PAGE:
Clubhouse Conversations (480p, 15:25) features Men at Work author George Will; Actor Robert Redford; Broadcaster Bob Costas; Writer Rob Edelman; Broadcaster Charley Steiner; and current and former Major League Baseball players Don Mattingly, Jason Giambi, and Ryne Sandberg speaking on the greatness of baseball, the challenges of the sport, the uniqueness of the sport's combination of team and individual play, its status as America's pastime, the current state of the game, and the allure and legacy of The Natural. Next on the lineup card is A Natural Gunned Down: The Stalking of Eddie Waitkus (480p, 17:08), an examination of the true-life baseball player whose career was sidelined when he was shot by an obsessed fan. Knights in Shining Armor: The Mythology of 'The Natural' (480p, 9:18) looks at the parallels between The Natural and the world of ancient mythology and heroes. Finally, The Heart of 'The Natural' (480p, 44:06) is a film by Charles Kiselyak that features Director Barry Levinson and baseball Hall-of-Famer Cal Ripken, Jr. sharing their extensive thoughts on baseball and the film and how they both parallel many of the challenging aspects of life. Also included is BD-Live functionality; Sony's MovieIQ connectivity; and 1080p trailers for Ghostbusters, A River Runs Through It, and Facing the Giants.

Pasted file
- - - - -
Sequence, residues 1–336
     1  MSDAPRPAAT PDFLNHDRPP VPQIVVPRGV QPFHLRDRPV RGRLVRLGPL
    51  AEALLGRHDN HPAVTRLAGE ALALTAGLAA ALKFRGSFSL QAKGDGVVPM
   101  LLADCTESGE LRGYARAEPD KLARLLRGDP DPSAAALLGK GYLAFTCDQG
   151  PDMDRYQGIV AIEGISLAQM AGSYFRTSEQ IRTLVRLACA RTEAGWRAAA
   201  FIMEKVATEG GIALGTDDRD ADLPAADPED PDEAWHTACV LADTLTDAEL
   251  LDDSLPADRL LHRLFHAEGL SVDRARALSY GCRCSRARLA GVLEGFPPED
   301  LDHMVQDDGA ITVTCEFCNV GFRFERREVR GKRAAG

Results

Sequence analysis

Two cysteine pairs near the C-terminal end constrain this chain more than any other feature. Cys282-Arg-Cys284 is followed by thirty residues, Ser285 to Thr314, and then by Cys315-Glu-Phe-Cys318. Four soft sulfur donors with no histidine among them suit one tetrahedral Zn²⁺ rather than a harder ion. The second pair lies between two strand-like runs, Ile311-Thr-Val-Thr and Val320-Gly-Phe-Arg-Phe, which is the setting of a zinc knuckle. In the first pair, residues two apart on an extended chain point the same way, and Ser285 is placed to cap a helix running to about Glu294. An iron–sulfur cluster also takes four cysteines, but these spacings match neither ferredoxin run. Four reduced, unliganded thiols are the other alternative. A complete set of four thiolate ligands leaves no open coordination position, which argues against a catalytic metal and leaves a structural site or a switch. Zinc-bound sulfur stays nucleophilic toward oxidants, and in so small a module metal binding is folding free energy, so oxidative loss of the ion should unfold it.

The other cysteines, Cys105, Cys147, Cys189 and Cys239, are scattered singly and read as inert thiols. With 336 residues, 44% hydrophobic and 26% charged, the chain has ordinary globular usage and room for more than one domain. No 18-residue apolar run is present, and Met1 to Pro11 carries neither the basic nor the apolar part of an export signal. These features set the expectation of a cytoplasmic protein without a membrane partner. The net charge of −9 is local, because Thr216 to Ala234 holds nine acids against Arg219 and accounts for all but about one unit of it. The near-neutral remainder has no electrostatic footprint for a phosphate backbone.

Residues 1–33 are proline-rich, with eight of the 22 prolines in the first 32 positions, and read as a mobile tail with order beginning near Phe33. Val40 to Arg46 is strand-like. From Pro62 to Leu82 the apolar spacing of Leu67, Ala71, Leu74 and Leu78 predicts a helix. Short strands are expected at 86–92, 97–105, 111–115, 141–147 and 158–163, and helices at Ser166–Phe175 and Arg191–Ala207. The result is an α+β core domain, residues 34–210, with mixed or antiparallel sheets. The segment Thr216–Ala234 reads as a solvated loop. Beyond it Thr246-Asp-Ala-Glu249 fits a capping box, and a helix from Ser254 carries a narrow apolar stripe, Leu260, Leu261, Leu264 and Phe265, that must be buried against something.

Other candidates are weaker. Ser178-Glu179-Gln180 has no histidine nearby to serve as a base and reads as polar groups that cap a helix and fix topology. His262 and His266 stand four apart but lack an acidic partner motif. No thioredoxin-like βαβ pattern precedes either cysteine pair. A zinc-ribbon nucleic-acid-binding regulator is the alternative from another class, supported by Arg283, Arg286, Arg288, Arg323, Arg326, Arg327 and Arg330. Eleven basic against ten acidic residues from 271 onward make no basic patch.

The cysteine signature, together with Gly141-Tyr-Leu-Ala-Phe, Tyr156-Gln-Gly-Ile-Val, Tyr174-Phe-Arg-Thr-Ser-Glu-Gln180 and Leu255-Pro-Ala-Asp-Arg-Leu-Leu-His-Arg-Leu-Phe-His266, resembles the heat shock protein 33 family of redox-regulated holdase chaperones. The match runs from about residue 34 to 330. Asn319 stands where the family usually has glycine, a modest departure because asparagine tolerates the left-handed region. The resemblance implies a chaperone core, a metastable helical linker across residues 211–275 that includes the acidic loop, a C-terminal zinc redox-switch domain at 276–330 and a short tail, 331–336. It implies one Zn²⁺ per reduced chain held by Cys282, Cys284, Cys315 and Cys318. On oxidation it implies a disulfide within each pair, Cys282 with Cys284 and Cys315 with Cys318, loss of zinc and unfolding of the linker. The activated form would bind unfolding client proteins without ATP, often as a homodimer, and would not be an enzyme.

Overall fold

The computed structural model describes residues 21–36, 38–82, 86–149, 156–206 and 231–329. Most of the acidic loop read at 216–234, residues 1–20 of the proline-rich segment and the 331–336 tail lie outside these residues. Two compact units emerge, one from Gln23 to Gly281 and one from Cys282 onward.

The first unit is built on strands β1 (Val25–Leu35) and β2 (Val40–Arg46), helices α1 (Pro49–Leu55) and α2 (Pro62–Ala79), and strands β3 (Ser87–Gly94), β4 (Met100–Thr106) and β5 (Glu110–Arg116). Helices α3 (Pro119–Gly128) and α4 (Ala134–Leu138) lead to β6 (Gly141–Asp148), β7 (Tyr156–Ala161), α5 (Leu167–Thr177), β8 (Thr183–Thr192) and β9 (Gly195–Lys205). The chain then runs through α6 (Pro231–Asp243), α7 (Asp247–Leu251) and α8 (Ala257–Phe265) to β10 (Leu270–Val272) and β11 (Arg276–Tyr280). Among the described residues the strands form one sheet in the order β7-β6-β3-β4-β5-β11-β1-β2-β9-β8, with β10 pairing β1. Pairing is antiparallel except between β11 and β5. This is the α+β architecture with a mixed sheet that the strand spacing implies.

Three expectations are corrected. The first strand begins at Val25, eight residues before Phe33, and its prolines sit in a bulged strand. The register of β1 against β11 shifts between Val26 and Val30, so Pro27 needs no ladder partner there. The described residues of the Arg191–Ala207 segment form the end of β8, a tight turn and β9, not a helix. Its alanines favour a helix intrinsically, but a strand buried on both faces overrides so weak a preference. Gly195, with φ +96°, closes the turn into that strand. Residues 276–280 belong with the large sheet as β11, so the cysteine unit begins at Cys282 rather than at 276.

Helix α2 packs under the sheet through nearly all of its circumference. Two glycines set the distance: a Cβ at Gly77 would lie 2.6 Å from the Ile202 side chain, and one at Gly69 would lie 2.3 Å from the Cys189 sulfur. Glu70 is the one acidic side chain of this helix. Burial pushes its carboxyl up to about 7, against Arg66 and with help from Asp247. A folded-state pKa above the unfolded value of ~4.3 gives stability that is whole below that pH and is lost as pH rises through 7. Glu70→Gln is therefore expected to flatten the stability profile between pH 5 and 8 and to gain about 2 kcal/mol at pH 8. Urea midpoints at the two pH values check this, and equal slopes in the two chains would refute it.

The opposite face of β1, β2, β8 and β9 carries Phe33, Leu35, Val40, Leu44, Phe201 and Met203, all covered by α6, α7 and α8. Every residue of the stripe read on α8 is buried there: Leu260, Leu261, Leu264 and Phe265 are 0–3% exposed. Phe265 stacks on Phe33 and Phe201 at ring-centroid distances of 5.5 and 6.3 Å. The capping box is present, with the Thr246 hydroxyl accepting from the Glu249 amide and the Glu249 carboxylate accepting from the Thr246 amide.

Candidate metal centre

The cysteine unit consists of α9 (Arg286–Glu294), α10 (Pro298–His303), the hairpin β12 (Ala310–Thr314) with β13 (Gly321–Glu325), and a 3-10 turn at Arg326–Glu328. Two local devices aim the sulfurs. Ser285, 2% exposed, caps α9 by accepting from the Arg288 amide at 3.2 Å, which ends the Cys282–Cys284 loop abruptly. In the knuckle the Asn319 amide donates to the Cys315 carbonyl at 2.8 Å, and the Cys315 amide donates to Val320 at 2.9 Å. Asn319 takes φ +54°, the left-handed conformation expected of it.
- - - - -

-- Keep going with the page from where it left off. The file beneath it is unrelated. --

The Natural Blu-ray, Overall Score and Recommendation
An incredible movie of the power of the human spirit and with an honest and important message that says that it's never too late to realize one's dreams as long as the motives are good and the intentions true, The Natural stands proudly as one of the finest sports films of all time, and like the best of its genre, it uses sport as but a backdrop for the deeper meaning to be found. It's a rare combination indeed to find a movie that's so enthralling both superficially and thematically as this; The Natural holds up incredibly well to a multitude of viewings thanks to its ability to effortlessly combine baseball and life into one incredible tale of a man's return to glory both on the field and in his soul. Supported by astounding direction and cinematography, superb acting, and an unforgettable score, The Natural is a Hall-of-Famer and arguably the finest baseball movie of all time. Sony's has done right by this timeless classic, bestowing it with a remarkable film-like transfer, an equally splendid lossless soundtrack, and a comprehensive selection of extras. It might not have received perfect scores across the board, but the emotional depth of the movie, its replay value, incredible visuals and acting, status as an all-time classic, and this superb Blu-ray presentation earn The Natural my highest recommendation.